He wheedled gasoline out of the Hungarian Ministry of Transport, argued exchange with the Finance Minister, and fought the Ministry of the Interior, when employees of the Legation fell into the hands of the police, or simply disappeared. He knew his way around the Russian Kommandatura, and the intricacies of the Soviet bureaucracy. If a truckload of canned food, or a correspondent, or a typewriter, or a courier vanished on the road from Vienna to Budapest, he knew where to find it, or him. He did all these odd jobs so well that there was no thought of replacing him. He was a square peg tightly wedged into a square hole, and not an hour passed that he didn't curse his knowledge of the Hungarian tongue, and his talent for trouble-shooting.
He shepherded Jeff from office to office, presenting him to the staff. As he introduced the men, and a few women, he identified them by their jobs. He said, "This is Mr. Kovacs, our chief disbursing officer," or, "This is Captain Reedy, our Assistant Air Attaché." But some he introduced simply by their names, without referring to their jobs, and Jeff knew that this was because for one reason or another their affiliations or assignments were considered confidential. Eventually he would grow to know all of them, and something of what they were doing, but in the beginning they would be mysterious. These men seemed as much in a pattern as those in blue suits, and those in uniform. They all appeared to own gabardine trench coats and pork pie hats. And while their ages must have differed, they all seemed the same age, like stones in a wall.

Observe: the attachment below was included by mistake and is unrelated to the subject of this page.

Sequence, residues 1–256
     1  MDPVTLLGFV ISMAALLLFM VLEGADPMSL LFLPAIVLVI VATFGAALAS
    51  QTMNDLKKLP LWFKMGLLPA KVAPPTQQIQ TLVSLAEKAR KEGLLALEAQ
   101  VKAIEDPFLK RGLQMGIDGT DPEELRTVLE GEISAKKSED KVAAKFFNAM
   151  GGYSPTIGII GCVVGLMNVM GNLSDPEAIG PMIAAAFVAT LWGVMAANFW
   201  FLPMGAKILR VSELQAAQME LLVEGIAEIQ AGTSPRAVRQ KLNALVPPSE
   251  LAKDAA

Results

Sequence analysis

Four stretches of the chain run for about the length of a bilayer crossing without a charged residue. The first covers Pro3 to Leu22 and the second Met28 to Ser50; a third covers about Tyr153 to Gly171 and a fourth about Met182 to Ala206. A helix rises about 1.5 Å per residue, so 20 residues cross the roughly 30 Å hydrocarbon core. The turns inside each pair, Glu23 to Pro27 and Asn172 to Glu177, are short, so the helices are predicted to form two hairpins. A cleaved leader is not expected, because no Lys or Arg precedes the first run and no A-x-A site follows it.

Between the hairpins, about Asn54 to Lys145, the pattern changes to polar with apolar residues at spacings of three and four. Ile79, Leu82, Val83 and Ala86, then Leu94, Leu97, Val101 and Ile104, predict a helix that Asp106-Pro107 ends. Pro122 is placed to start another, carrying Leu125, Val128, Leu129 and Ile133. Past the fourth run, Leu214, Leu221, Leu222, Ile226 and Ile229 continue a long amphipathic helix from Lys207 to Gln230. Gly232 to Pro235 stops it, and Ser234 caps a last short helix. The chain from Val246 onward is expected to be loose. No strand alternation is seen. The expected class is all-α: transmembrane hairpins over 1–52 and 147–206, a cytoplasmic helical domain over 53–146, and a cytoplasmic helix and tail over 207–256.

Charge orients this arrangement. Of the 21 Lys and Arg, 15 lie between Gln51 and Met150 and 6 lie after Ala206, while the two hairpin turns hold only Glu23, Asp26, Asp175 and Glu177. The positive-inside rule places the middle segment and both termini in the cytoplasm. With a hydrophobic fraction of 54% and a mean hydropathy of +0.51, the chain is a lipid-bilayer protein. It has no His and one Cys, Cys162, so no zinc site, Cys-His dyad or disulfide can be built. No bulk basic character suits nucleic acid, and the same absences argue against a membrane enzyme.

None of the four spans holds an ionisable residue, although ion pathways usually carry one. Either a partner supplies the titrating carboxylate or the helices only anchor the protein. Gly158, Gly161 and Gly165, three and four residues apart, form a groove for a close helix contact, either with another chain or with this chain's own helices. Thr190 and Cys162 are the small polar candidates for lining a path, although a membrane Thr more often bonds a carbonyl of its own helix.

His mind blurred with the strange faces tagged with new names, few of which he remembered. He knew this would soon change. In a few weeks the faces would become all too familiar, like fellow passengers on a long cruise. When it was finished Todd said, "Let's have a drink."
Jeff said, "I need one."
Todd said, "There's an espresso around the corner where I can always get fair cognac. I'll cut you in on it."
He knew he was going to like Todd, but if he had been asked why he knew this he would only have been able to say, "He speaks my language." He hoped that as soon as they were seated behind their drinks Todd would brief him on the Legation. What he had seen was much more complex than indicated by the table of organization charts in Washington. Yet it had probably formed itself to meet the challenge of place and time. He was eager to know all about it, and become part of it, as quickly as possible.